The end of the world is near!

Actually only a stone's throw away.

For some, it is currently within a 15-kilometer radius of their place of residence.

My world has its limits within a two-hour drive from Berlin: far enough to reach lonely nature without having to spend the night - but no further than the guilty feelings about CO2 emissions allow.

More than ever before, I wish for another end of the world.

Of course, I could travel there virtually: at least 50 films have it in their title - from a “Tatort” to “Pirates of the Caribbean”.

Jim Knopf and Lukas the engine driver landed in a desert with this name.

Or I'll work my way through literature with the end of the world on the cover in the next few weeks of lockdown, reading Jules Verne, Haruki Murakami, TC Boyle, Upton Sinclair.

The "End of the World" is also a classic of travel catalog prose.

Depending on the layout, you can find it in the mountains behind Lake Garda - or you have to hike into the Mongolian highlands for it.

Sometimes I was happy to have found it: on the deserted Baffin Island in the Canadian Arctic, for example, in a newly established national park in Patagonia and on an islet in the Tasman Sea.

The “end of the world” often turns out to be an illusion


How contemplative and secluded do the few people at the end of the world have to live?

But the romantic idea turns out to be an illusion when you look at the map: The Finistère in Brittany was only for the ancient Romans

finis terrae

, the end of the world - today it is a highlight for outdoor fans.

“Fin del Mundo” on Tierra del Fuego - the end point of the popular tourist route through Patagonia.

“World's End” in South Africa is one of the most visited viewpoints in the Drakensberg.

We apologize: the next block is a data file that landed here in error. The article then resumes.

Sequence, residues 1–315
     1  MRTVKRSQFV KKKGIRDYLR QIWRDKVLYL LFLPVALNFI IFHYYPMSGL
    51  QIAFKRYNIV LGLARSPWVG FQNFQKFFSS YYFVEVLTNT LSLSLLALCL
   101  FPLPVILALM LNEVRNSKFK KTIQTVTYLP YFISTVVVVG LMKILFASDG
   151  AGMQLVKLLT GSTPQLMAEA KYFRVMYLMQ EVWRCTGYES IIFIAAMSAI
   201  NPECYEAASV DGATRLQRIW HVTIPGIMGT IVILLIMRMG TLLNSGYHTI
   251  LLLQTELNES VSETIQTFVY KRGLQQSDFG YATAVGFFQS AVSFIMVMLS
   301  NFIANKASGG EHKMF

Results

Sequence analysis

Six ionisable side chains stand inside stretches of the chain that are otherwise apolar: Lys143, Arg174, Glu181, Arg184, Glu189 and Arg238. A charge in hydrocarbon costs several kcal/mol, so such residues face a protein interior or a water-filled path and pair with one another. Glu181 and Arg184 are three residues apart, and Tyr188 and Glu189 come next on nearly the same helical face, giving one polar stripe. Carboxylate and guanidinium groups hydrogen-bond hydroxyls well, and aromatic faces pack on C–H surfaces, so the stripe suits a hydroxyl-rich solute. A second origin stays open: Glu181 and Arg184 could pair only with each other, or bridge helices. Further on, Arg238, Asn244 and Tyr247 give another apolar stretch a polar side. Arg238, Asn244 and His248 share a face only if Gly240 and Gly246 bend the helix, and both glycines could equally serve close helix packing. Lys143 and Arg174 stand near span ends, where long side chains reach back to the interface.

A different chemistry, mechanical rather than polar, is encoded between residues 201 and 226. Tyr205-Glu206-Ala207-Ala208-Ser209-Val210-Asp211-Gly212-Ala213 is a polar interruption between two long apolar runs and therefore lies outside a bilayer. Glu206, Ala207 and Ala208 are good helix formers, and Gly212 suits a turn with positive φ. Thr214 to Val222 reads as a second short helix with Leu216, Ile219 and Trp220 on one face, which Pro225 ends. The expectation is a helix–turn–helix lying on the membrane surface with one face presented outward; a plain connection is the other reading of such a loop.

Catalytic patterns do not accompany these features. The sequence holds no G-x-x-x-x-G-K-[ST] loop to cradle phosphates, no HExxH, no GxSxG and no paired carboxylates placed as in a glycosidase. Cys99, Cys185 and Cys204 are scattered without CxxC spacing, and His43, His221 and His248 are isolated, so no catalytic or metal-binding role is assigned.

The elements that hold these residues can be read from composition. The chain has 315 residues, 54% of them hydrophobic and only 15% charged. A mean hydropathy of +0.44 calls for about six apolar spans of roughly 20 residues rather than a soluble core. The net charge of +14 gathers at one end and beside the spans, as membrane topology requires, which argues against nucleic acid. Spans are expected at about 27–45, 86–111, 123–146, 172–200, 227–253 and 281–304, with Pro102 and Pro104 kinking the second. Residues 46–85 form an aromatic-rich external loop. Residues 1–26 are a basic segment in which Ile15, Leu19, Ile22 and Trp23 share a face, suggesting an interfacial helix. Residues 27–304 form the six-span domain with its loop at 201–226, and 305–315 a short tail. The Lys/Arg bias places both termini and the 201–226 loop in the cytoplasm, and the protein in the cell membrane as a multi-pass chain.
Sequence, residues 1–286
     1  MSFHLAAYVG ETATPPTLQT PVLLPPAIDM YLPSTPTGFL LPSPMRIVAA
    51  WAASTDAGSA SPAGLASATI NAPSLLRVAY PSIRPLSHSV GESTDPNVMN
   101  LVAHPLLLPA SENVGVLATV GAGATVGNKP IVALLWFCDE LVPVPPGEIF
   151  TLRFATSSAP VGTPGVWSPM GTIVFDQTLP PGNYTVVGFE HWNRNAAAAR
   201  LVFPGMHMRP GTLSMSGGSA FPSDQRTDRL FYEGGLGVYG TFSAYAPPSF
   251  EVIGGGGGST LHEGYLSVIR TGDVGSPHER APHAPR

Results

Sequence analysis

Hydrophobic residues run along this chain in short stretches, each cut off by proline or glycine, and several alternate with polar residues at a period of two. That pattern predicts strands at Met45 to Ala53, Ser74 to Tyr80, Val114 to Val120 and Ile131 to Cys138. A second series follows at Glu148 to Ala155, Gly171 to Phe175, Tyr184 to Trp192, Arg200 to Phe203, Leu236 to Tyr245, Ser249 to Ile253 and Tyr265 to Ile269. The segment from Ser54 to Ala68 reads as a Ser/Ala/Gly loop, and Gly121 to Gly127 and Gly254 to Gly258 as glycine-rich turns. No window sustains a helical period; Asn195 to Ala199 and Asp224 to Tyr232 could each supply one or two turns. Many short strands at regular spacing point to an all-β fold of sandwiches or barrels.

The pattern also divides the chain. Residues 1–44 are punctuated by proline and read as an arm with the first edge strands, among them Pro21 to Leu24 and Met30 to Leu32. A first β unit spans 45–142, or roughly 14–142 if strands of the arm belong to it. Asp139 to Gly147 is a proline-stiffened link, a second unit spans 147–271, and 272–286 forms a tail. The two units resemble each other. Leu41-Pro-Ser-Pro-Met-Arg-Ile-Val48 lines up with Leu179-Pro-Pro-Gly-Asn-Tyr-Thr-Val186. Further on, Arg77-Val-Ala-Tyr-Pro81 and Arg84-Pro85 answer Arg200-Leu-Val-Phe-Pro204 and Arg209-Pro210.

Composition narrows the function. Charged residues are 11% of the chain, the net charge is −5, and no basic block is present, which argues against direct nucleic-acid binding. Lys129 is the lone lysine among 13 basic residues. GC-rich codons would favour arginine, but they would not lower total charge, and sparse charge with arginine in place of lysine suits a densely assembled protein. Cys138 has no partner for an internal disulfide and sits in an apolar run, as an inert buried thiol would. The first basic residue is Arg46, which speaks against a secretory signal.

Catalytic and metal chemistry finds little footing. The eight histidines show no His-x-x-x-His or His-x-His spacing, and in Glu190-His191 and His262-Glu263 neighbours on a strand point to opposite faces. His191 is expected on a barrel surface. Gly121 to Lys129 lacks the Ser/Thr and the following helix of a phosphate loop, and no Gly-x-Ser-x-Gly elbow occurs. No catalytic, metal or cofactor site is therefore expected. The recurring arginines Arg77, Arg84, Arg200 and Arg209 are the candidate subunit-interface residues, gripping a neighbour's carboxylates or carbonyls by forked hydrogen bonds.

And Cabo Fisterra in Galicia is even the destination of a pilgrimage route for hikers for whom Santiago de Compostela is not far enough.

The British seem to have a special relationship with the end of the world: There are half a dozen places called World's End - perhaps as a premonition of Brexit?

But where do you still feel like at the end of the world - that place of longing that stands for loneliness and emptiness, wildness and originality?

Call to an expert: Rus Margolin, formerly a stockbroker, now a globetrotter, belongs to the exclusive club of those who have visited all countries in the world without exception - even in the crisis year 2020 he toured 48 states in the USA and across Ukraine, visited Polynesia and the Antarctic.

Unusual plants like these bottle trees thrive on the Yemeni island of Socotra

Source: Getty Images / Rod


“For me, the end of the world is a place that I have dreamed of for years, that is either extremely difficult to reach or inaccessible for political reasons,” says the man in his mid-fifties, who has not taken a travel break for years.

For him, this includes the Yemeni island of Socotra with its bizarre flora and fauna, the Kuril Islands belonging to Russia, the Ethiopian Omo Valley or the volcanic landscapes in Kamchatka.

It's all on my bucket list now.

The Kamchatka Peninsula has the highest density of active volcanoes in the world.

Here you can see the Maly Semjachik with its turquoise acid lake

Source: Getty Images / Kelly Cheng

Now I have invited Rus Margolin to the real end of the world.

One he has never seen before.

Because recently I was sitting all alone for an hour on the banks of the Oder, away from all hiking trails, on a tree trunk frozen over with thick ice, only the gurgling of the current in my ears and the nagging of a flock of birds.


You could spend weeks here without any globetrotters passing by.

The end of the world - it's closer than you first thought.

Oliver Gerhard from Berlin also writes on kanada-blogger.com.

Many countries only want to allow vaccinated people in - Sweden and Denmark are planning digital vaccination records

In view of the corona mutants spreading in Europe, the 2021 vacation is on the brink.

Some countries want to introduce a vaccination certificate so that vaccinated people can travel freely.

And some airlines only want to take vaccinated people with them.

Source: WELT / Christoph Hipp